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Reel Deals

Back Talk


Published March 14, 2001 at 3:48 p.m.

It’s a wrap. After five weeks at the Savoy Theater, Crouching Tiger, Hidden Dragon has finally soldiered on. The Ang Lee film broke all kinds of attendance and revenue records at the Montpelier movie house, including “longest run” and “most people through the door.” Its success put the single-screen cinema in an enviable, if somewhat ironic, blockbusted position. Co-owner Rick Winston says the resulting run was an economic boon for the Savoy, but concedes it frustrated some fans who were eager to see other indie offerings. “I wouldn’t say they complained,” Winston says. “It registered that they would really like to see something else”. . . Filmmaker Jay Craven is stepping out of Howard Frank Mosher mode — at least temporarily. The Vermont filmmaker was hired by novelist Scott Lax to write and direct a movie based on his book about high schoolers coming of age after Kent State. Craven has already written — and been paid for — the screenplay for The Year That Trembled, which is scheduled to shoot this May in Ohio. “It’s a new and interesting look at the whole Vietnam era,” reports Craven’s wife and fellow filmmaker Bess O’Brien. Will it delay fall production on Disappearances, Craven’s third full-length feature based on a Mosher book? It depends on fundraising and the impending strike in Hollywood. “We could be shooting two movies in the next six months, or we could be shooting none,” says O’Brien. “But hopefully, we’ll be doing at least one.” . . . The Legislature is considering an amendment to Act 250 that would facilitate the construction of temporary movie sets in Vermont. But that is not what brought Norwich filmmaker Nora Jacobson to the Golden Dome last month. The director of My Mother’s Early Lovers has been doing some Statehouse scouting for a new feature that deals with kids and drinking. She’s finished the script about a girl whose life is turned upside down when her best friend is killed in a car accident after a teenage party is busted up by the cops. There are legal ramifications, of course. The girl’s father is a state representative.

BUSTING BORDERS: You can say what you want about “evil” bookstore chains. At Borders, Brian Hadley was the local face. The lean, long-haired “community relations coordinator” welcomed Vermont writers, musicians, actors, artists and filmmakers with a funky enthusiasm that almost made you forget you were dealing with an out-of-state entity. Last month came an inevitable reminder — a downsizing “pink slip” from corporate headquarters in Ann Arbor. “After an 18-month study,” the press release reads, “Borders Group Inc. … has decided to eliminate the majority of its staff of 330 community relations coordinators.” That means after six years with the company, Hadley is out of a job. He’ll be replaced by an “area marketing manager” who will likely be responsible for scheduling and promoting events at not one but four or five Borders stores in Vermont and New Hampshire. That means less “face time” with local artists. “They won’t be walking up Church Street saying ‘hi’ to everybody,” Hadley predicts, although he still will be. Hadley plans to stick around, hiring himself out to local bands to assist with touring, publicity or product development. So if you’re looking to land a gig at the new Borders…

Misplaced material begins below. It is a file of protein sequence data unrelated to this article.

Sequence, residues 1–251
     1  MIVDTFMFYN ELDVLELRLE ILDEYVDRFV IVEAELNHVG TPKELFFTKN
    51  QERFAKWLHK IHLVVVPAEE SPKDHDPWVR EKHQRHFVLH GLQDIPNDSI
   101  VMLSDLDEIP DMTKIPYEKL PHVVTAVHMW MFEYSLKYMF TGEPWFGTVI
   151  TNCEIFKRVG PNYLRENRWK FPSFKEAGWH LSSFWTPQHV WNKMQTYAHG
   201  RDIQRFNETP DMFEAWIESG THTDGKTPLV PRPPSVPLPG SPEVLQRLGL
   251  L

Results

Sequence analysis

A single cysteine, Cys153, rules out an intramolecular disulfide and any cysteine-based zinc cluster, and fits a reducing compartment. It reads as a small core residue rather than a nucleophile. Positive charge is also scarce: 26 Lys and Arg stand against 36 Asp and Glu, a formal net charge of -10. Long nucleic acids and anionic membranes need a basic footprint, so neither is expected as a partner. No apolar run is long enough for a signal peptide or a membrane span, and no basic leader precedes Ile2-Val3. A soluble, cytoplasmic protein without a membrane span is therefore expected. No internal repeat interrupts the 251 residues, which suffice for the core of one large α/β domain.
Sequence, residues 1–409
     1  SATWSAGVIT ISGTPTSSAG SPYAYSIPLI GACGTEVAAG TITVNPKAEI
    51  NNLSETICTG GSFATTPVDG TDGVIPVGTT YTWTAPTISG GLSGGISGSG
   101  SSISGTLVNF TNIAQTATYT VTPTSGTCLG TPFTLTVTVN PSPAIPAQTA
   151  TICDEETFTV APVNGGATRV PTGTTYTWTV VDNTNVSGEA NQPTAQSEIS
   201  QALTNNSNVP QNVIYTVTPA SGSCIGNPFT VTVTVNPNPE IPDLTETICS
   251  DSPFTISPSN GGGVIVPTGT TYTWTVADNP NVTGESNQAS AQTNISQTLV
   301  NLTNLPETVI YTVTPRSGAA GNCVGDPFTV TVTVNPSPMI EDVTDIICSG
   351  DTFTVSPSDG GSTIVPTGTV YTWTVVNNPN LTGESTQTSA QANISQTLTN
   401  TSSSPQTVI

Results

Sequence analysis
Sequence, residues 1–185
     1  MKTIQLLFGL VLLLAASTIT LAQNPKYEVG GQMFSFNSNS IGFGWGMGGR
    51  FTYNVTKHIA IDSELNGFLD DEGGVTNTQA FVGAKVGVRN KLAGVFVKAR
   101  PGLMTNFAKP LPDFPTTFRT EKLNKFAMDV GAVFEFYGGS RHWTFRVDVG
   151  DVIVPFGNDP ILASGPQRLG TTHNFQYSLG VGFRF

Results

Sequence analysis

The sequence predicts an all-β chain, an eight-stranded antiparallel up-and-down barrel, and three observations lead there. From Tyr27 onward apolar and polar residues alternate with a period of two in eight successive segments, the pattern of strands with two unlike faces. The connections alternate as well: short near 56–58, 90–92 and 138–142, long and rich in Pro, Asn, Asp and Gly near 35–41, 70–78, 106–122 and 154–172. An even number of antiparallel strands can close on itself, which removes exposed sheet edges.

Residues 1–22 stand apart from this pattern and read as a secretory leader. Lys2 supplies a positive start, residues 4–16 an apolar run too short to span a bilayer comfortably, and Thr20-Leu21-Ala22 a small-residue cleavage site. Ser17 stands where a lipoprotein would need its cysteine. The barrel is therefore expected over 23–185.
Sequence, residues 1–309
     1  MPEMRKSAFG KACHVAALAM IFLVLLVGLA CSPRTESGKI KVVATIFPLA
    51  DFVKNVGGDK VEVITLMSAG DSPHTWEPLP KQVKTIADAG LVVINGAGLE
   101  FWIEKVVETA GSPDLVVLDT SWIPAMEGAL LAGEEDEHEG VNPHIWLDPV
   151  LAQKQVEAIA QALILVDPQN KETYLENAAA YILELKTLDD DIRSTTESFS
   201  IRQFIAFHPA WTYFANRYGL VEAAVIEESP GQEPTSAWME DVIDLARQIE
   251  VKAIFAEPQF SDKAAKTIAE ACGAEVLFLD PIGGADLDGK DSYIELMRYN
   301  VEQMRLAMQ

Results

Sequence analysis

DIS-CONNECTED: For many North Country Public Radio (88.3 FM) listeners, he was the audio version of caffeine — a morning stimulant that became a crucial part of the a.m. routine. When Christopher Lydon vanished from airwaves in mid-February, many fans assumed “The Connection” talk-show host was away on vacation. In fact, he was canned, as a result of a contract dispute with his “employer” — WBUR in Boston. Lydon wanted a financial stake in the success of his popular show, like the “Car Talk” guys have with theirs. The public radio higher-ups showed him the door, and then locked it behind him. The controversy has played out in the Boston Globe as well as in the online magazine Salon, where nature writer Bill McKibben lamented the loss of “the best call-in radio show that anyone’s ever done.” Over at North Country, “We’ve received a very significant amount of mail about this, a good portion of it from our Vermont listeners,” says station manager Ellen Rocco. The Canton, New York-based station was one of the first outside of Boston to pick up the show, which airs 10 a.m. - 12 noon, and Rocco says they’ll sign on to a replacement — as long as Lydon is at the mike. Stay tuned…

BETWEEN THE LINES: O Color ne month after it was played up on the cover of Vermont Business People magazine, Burlington-based — which was acquired by in October — has laid off 20 percent of its staff. Among the casualties is Greg Glade, who originated the company’s popular speaker series. The slide shows will go on, he says, but he’ll be producing them independently. Asked about the changes, owner Spencer Newman referred the “media inquiry” to corporate headquarters in Washington, D.C. CEO Sean Greene says it was “about streamlining the company and reducing costs.” … Charlotte writer Tom Paine was one of two finalists for a prestigious literary award presented by PEN New England. His debut book of short stories, Scar Vegas, was up for a Ernest Hemingway Foundation-PEN Award for a distinguished first book of fiction. Paine lost out to Akhil Sharma, who will be honored at the John F. Kennedy Library on April 29. Instead of top billing, Paine gets an optional residency at the Ucross Foundation in Wyoming. Mary Sullivan at PEN New England describes it as “gorgeous — a place for writers to write.” Yee-ha! m